Crossing guards play a vital role in the lives of children who walk or bike to school each day. At the same time, the position of crossing guard is one of the most dangerous of municipal jobs due to slips, trips, and falls, and crashes involving motor vehicles. In an effort to address safety concerns for crossing guards and the children they cross, the Safe Routes to School Resource Center at the Alan M. Voorhees Transportation Center (VTC) at Rutgers University has been conducting research on crossing guard training in New Jersey and developing a uniform statewide Crossing Guard Training Program. With funding from New Jersey Department of Transportation and New Jersey Division of Highway Traffic Safety, VTC introduced the New Jersey Crossing Guard Training Program in 2013.
Based on prior research, VTC developed the New Jersey Crossing Guard Training Manual for Supervisors, which forms the basis for the “train-the-trainer” presentation developed in 2013. Crossing guard supervisors participated in three train-the-trainer pilot sessions, which helped identify issues that were confusing or where conflicting guidance was given. Common issues included questions regarding crossing guards directing traffic, sitting at their posts, using whistles properly, and determining gap assessment calculations. VTC made changes to the manual and training program in response to participant questions and comments.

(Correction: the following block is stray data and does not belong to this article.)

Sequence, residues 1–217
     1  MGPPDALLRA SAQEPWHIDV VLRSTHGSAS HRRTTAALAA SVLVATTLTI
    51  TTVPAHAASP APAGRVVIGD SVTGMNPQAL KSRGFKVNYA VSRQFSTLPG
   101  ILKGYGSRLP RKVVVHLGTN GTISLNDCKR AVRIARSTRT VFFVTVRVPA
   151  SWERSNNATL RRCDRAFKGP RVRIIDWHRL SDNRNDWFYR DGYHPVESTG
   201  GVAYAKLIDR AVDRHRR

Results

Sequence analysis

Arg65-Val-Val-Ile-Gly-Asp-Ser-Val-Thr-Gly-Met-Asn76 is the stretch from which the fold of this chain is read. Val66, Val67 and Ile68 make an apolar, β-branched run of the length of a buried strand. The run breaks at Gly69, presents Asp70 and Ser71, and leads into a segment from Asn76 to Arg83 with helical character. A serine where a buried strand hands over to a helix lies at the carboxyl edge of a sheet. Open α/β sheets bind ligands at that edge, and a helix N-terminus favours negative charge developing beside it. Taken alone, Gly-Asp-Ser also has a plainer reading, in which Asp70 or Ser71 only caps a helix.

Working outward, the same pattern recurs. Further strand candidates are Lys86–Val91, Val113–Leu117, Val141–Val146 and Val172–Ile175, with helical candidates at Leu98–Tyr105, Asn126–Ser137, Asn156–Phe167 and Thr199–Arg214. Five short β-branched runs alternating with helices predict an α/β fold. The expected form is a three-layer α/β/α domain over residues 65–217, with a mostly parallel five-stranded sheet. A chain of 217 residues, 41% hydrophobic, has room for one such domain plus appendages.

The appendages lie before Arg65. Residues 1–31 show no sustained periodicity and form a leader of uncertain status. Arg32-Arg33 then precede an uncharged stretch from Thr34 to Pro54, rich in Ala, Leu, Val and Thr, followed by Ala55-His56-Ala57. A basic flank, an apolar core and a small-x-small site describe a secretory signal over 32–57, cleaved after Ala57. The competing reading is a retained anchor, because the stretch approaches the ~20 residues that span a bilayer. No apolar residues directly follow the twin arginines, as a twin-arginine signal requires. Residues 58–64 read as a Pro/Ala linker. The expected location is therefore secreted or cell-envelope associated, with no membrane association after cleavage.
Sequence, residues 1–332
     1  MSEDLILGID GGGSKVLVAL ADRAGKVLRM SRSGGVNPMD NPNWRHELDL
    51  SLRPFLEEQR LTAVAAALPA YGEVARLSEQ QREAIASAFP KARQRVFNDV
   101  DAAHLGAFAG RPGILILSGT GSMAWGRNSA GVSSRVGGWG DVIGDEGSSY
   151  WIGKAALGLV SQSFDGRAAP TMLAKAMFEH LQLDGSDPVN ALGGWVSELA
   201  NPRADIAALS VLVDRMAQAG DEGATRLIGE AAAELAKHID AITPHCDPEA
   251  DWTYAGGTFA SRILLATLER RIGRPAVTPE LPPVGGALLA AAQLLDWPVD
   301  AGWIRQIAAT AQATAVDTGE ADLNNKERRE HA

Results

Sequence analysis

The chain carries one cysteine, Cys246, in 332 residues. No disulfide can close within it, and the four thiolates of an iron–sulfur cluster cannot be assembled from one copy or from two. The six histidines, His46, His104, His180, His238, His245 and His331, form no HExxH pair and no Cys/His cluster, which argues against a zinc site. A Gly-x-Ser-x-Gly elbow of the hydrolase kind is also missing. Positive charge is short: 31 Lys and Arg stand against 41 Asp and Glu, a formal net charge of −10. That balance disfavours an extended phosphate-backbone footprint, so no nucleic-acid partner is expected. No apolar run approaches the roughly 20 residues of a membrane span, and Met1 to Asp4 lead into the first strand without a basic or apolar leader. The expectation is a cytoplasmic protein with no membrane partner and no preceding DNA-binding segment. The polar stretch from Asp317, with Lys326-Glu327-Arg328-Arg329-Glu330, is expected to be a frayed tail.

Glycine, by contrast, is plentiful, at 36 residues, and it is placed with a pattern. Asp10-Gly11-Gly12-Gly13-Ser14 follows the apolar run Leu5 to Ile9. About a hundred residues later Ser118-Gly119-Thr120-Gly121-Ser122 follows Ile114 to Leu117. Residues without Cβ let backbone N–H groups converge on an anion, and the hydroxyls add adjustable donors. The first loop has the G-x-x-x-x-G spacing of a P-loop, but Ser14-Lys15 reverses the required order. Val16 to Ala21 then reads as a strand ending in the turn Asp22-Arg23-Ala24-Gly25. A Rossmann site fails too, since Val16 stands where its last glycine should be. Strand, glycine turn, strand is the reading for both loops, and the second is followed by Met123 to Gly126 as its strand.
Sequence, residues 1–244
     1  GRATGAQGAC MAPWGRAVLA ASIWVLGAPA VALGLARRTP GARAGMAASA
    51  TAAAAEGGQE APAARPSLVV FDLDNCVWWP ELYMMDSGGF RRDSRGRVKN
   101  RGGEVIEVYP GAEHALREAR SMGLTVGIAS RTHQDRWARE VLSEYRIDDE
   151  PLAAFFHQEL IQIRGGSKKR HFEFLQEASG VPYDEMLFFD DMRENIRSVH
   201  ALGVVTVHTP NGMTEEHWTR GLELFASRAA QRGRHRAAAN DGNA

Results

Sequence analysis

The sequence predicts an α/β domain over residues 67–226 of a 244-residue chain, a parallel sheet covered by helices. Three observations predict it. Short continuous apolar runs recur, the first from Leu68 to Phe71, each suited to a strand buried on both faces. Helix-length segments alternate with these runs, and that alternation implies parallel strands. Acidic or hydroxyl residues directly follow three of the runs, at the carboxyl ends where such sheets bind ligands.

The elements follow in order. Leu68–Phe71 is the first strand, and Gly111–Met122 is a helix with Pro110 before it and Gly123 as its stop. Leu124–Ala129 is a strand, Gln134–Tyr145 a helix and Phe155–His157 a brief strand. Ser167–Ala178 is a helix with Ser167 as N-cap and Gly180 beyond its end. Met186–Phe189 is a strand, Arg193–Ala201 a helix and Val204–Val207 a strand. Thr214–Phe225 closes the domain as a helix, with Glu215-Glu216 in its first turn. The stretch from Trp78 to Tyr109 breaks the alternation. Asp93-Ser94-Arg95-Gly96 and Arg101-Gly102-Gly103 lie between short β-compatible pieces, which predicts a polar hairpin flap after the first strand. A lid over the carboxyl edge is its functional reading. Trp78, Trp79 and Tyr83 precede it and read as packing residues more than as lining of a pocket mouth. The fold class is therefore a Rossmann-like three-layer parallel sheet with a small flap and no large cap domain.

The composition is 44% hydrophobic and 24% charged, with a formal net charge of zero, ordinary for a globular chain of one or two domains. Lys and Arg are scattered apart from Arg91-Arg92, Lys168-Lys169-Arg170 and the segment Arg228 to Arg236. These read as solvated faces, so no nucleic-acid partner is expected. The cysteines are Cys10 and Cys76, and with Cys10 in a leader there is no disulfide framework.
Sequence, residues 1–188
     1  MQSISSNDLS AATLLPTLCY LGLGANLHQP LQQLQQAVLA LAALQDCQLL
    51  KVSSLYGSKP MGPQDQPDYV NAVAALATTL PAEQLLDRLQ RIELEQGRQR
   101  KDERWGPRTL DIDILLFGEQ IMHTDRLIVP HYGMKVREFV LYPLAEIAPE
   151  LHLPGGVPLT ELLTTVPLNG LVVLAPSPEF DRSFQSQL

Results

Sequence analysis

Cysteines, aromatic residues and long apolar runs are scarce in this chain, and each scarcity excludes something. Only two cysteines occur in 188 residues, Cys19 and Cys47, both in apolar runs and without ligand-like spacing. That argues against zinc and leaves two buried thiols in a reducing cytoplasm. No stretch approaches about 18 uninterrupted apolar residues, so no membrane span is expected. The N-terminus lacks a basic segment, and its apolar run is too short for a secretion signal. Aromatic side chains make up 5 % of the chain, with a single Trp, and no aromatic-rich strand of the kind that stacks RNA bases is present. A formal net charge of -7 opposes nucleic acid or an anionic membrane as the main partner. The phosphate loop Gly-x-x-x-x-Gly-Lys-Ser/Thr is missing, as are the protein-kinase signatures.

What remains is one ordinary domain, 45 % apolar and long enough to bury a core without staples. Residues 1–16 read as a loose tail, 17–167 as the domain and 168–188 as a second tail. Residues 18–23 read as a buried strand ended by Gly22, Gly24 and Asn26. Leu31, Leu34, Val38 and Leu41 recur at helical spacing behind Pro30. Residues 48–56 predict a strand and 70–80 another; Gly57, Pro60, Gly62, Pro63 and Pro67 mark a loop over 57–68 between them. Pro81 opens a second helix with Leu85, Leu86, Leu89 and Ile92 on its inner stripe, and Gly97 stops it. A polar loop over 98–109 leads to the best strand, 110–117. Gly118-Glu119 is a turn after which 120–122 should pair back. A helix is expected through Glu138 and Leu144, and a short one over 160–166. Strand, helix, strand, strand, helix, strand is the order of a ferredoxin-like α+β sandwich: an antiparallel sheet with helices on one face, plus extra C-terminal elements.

The following report reviews results of the crossing guard supervisor pre-and post-training questionnaires and the pre- and post-training quizzes taken by the supervisors and the crossing guards. Lessons learned and next steps are summarized.